Today, the Canadian Finance Minister Jim Flaherty tabled a budget with plenty of emphasis on reducing the deficit, much like what’s going on in the US. This, despite the fact that the interest rates are telling a story where financial markets are not that concerned about the deficit. This pattern is evident in both Canada and the US. Interest rates are showing there’s no crowding out—government spending taking up capital and resources that businesses can use. The reality of the situation is uncertainty and a dearth of good prospects is causing the business community to sit on huge stocks of capital.
Nevertheless, for various political reasons the deficit is touted as a menace that must be dealt with, not just in North America, but globally. The media is contributing to the Jedi mind trickery, dubbed the “Beltway Deficit Feedback Loop”. The WaPo blog by Greg Sargent states::
“The relentless bipartisan focus on the deficit convinces voters to be worried about it, which in turn leads lawmakers to spend still more time talking about it and less time talking about the economy,”
while linking to a National Journal study examining the gap between mentions of “unemployment” versus “deficit”::
“the broadening gap demonstrates just how effective conservatives have been at changing the narrative of economic policy from one dominated by talk of fiscal stimulus to one now in lockstep with notions of fiscal austerity.”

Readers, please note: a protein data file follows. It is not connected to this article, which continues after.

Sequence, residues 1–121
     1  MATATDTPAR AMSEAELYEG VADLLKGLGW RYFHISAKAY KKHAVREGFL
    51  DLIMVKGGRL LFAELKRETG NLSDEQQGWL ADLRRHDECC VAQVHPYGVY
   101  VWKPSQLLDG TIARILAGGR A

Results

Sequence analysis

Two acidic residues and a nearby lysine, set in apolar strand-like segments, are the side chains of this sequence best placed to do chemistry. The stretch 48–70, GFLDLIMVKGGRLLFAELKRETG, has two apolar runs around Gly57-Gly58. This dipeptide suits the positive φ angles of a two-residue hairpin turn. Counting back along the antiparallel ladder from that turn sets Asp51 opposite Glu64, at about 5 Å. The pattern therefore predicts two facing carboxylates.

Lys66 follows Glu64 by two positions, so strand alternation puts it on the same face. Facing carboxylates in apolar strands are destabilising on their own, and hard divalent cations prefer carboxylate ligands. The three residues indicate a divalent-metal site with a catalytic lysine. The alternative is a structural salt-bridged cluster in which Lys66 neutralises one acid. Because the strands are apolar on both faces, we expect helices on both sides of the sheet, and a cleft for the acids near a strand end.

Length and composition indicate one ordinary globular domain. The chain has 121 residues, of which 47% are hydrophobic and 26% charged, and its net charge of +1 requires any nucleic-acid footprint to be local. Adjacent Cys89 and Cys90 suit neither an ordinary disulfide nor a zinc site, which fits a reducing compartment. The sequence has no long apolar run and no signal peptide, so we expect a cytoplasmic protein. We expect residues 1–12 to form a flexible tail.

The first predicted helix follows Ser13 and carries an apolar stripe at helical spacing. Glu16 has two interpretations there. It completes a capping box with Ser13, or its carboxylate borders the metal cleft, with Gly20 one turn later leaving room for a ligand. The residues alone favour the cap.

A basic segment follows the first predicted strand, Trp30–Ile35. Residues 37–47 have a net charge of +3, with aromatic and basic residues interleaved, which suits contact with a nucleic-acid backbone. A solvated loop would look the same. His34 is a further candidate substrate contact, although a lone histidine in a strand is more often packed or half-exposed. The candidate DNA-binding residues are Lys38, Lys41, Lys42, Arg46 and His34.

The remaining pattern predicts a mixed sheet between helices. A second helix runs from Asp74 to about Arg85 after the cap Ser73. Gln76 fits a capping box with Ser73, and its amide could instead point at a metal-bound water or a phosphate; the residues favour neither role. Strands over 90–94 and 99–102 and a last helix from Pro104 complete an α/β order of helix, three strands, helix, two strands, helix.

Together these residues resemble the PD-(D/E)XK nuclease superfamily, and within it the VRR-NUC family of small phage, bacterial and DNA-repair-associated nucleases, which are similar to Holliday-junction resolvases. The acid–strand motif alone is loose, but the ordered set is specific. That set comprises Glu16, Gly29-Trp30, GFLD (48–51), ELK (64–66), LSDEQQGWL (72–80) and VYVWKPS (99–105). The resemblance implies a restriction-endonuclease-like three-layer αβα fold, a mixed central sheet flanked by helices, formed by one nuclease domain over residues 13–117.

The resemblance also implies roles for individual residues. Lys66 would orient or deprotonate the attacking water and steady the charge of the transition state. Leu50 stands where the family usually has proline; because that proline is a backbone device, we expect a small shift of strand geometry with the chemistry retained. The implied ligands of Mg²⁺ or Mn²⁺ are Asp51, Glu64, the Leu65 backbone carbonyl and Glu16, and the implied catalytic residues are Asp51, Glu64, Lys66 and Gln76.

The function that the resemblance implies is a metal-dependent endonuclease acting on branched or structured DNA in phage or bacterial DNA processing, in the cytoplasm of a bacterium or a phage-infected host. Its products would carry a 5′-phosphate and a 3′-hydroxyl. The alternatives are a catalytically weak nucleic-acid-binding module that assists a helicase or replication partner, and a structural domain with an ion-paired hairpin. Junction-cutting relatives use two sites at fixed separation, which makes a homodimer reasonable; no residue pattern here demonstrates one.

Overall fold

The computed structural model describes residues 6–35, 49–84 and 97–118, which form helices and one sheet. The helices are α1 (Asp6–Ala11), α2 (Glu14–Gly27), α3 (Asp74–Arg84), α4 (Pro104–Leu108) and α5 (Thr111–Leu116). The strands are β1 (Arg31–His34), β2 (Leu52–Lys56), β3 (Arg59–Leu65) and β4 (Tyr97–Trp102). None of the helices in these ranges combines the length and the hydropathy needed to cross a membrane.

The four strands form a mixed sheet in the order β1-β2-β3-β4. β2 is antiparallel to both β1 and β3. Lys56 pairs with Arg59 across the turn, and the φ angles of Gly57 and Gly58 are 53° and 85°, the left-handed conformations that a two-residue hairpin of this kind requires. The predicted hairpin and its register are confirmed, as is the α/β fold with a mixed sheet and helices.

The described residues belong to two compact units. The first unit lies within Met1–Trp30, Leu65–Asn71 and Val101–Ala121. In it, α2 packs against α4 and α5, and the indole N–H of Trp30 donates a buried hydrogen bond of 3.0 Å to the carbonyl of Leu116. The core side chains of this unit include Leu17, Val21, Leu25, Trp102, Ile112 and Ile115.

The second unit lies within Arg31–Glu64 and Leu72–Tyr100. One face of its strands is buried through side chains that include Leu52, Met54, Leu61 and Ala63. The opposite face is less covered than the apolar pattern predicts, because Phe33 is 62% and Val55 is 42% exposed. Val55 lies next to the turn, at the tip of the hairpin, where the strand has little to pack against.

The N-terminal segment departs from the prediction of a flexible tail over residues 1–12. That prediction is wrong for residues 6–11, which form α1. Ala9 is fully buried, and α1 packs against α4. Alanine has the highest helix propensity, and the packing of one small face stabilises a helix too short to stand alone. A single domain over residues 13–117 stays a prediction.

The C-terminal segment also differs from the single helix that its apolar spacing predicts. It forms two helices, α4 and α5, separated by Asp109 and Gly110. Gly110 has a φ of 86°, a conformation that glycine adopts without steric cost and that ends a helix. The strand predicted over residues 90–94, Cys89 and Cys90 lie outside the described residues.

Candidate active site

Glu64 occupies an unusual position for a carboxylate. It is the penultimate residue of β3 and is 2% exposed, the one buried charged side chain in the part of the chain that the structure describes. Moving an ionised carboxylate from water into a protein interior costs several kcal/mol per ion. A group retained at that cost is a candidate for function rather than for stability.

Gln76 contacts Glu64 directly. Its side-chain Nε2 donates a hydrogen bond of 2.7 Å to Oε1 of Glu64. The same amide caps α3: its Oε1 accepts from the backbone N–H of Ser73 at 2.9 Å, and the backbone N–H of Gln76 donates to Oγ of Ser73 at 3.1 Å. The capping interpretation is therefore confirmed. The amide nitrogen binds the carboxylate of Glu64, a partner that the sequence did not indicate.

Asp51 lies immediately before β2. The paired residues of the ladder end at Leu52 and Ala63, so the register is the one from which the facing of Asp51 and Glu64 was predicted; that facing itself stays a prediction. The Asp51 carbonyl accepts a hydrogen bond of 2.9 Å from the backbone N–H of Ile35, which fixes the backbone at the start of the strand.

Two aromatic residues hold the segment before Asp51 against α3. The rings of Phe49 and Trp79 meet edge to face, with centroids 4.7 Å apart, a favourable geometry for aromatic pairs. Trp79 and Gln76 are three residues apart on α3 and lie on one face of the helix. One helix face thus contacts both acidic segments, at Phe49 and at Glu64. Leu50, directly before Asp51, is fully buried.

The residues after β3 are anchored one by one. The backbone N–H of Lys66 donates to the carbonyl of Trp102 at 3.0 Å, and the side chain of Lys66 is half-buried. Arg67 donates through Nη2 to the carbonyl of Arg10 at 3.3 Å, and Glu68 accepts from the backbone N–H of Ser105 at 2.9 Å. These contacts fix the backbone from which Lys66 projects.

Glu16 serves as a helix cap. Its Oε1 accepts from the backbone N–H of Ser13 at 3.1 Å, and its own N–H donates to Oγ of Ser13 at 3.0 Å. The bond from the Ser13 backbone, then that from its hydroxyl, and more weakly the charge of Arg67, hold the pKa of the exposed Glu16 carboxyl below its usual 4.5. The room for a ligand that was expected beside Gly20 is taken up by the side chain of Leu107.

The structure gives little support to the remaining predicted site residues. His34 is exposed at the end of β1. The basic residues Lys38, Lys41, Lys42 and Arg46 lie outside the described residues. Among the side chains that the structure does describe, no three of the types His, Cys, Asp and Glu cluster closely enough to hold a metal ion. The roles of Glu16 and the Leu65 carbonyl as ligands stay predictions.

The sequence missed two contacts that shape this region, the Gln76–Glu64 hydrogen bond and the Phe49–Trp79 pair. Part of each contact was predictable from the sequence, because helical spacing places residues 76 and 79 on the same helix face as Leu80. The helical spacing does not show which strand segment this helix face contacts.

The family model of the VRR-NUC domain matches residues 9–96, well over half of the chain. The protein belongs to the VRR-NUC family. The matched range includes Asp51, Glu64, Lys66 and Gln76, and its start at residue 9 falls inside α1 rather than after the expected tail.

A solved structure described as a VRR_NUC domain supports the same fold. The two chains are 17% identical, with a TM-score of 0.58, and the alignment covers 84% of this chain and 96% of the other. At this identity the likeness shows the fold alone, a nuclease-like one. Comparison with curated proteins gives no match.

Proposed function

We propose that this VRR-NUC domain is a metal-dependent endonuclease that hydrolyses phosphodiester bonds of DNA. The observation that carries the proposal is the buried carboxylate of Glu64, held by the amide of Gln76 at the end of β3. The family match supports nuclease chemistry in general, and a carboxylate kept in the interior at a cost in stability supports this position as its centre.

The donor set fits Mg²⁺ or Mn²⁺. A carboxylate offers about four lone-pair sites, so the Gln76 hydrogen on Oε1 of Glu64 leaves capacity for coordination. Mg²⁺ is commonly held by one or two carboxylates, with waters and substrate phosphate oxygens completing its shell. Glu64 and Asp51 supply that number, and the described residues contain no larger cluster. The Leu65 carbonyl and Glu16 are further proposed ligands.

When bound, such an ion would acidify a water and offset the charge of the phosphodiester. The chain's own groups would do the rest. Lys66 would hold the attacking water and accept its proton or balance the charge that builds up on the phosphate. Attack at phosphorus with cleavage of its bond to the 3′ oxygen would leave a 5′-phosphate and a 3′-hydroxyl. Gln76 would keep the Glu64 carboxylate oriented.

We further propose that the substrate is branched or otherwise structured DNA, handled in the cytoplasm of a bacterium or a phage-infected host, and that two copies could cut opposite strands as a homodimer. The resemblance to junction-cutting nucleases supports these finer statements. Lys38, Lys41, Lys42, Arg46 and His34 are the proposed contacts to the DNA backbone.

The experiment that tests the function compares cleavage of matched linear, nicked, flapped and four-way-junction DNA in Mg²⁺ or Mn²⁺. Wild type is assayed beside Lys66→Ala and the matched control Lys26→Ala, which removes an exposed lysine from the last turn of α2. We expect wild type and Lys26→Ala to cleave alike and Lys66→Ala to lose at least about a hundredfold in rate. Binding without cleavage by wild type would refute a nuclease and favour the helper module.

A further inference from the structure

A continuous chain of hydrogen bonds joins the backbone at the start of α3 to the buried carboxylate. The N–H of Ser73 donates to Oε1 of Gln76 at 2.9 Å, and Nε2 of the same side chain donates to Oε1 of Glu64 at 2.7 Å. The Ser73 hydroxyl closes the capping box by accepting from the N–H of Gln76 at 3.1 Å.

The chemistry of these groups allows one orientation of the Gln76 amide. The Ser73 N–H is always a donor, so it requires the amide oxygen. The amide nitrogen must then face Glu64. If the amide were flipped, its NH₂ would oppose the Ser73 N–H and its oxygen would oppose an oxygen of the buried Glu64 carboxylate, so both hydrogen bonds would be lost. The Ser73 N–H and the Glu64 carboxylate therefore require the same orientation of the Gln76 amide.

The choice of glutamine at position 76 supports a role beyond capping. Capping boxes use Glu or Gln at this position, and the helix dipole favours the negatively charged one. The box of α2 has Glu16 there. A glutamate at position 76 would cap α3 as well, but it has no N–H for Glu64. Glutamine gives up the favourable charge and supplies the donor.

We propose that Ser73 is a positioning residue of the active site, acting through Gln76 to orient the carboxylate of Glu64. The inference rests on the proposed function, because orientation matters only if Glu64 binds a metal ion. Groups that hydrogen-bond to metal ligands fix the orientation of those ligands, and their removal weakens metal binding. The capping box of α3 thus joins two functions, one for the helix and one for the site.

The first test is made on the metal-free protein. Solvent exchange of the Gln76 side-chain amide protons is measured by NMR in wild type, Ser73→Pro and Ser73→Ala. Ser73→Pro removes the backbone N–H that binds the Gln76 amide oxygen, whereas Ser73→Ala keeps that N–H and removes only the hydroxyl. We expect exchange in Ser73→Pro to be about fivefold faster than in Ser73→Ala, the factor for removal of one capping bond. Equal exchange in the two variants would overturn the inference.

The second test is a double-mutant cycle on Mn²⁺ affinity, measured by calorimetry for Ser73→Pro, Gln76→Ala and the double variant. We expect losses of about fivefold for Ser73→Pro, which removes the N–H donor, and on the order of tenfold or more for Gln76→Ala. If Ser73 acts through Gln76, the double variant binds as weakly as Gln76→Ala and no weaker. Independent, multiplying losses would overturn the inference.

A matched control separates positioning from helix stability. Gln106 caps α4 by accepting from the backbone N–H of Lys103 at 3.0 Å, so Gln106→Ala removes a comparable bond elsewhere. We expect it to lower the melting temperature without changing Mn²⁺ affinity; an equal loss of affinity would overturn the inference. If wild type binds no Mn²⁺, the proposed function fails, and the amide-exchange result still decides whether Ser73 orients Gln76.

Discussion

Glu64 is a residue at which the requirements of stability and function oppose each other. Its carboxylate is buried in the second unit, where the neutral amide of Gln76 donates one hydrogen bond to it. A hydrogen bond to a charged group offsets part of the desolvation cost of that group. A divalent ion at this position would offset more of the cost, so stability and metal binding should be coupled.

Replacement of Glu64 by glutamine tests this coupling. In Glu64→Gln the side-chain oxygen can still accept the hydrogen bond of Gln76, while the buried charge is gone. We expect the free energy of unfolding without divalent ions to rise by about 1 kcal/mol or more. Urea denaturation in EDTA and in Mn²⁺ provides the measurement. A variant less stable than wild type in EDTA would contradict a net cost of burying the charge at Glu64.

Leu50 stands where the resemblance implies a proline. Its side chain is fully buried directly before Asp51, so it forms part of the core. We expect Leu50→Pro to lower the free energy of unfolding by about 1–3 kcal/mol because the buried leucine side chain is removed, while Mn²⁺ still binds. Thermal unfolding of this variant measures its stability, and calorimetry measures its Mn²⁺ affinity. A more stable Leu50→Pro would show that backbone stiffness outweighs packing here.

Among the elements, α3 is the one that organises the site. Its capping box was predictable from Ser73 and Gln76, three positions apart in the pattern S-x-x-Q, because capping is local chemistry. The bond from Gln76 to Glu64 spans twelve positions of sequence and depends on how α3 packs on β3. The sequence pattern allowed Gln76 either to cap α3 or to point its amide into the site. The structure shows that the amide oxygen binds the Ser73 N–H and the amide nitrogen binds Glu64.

In Canada, the opposition parties aren’t on the same page with the Finance Minister and the Conservative Party, but don’t have the votes to stop the budget. While ink is being spilled about how fast the deficit will be reduced in Canada and whether of not the Conservative projections are wide of the mark and overly rosy, the elephant in the living room is the lingering high unemployment rate::
The problem with the deficit discourse is it fails to address the issue of unemployment and real economic problems, with the only way the issue goes away is if the economy grows. In fact, I feel being a deficit hawk in this economic climate is playing with political dynamite. The economic indicators do not support deficit reduction, given that the business community is loathe to expand. So, if the deficit hawks are wrong and unemployment and economic stagnation persists, they are opening themselves up to criticism. I think the hope is that a business cycle upswing will render the deficit issue moot, so the perception is that it’s “riskless” to jump on the deficit reduction bandwagon.
In the US, both Democrats and Republicans are viewing the deficit as the evil menace that must be thwarted at all costs with ample help of the media. While a Republican presidential candidate would differentiate themselves by embracing a populist and expansionary economic approach, it would be political suicide. Any politician advocating increases in government spending would face an uphill battle and be forced to educate the public on matters many don’t have the time and the patience for.
The jury is still out on how the New Democrats and Liberals play the deficit card in Canada in the future, but it may be an easy one to play if unemployment remains relatively high, businesses remain tentative, and the economy continues to stagnate.